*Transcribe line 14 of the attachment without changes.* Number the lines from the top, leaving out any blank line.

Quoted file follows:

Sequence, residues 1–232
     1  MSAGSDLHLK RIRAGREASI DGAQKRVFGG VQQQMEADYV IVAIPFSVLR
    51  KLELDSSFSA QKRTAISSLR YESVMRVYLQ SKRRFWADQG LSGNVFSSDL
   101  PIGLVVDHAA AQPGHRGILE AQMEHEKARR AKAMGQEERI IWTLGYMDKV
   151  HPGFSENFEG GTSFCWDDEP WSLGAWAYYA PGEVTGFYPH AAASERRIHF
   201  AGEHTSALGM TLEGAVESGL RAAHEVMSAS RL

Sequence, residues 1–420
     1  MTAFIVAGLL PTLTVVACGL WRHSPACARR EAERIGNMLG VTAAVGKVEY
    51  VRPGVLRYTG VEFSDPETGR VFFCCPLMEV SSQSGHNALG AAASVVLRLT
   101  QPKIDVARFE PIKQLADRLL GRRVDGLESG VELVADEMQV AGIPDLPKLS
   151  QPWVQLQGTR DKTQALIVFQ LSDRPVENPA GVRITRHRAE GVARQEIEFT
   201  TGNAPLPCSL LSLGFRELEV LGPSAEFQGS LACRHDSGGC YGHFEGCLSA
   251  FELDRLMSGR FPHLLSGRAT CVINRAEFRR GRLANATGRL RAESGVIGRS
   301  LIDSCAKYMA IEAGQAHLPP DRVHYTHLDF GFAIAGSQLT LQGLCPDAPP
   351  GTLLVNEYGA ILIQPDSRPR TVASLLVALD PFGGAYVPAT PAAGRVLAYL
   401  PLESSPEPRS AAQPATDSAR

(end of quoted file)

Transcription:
   301  LIDSCAKYMA IEAGQAHLPP DRVHYTHLDF GFAIAGSQLT LQGLCPDAPP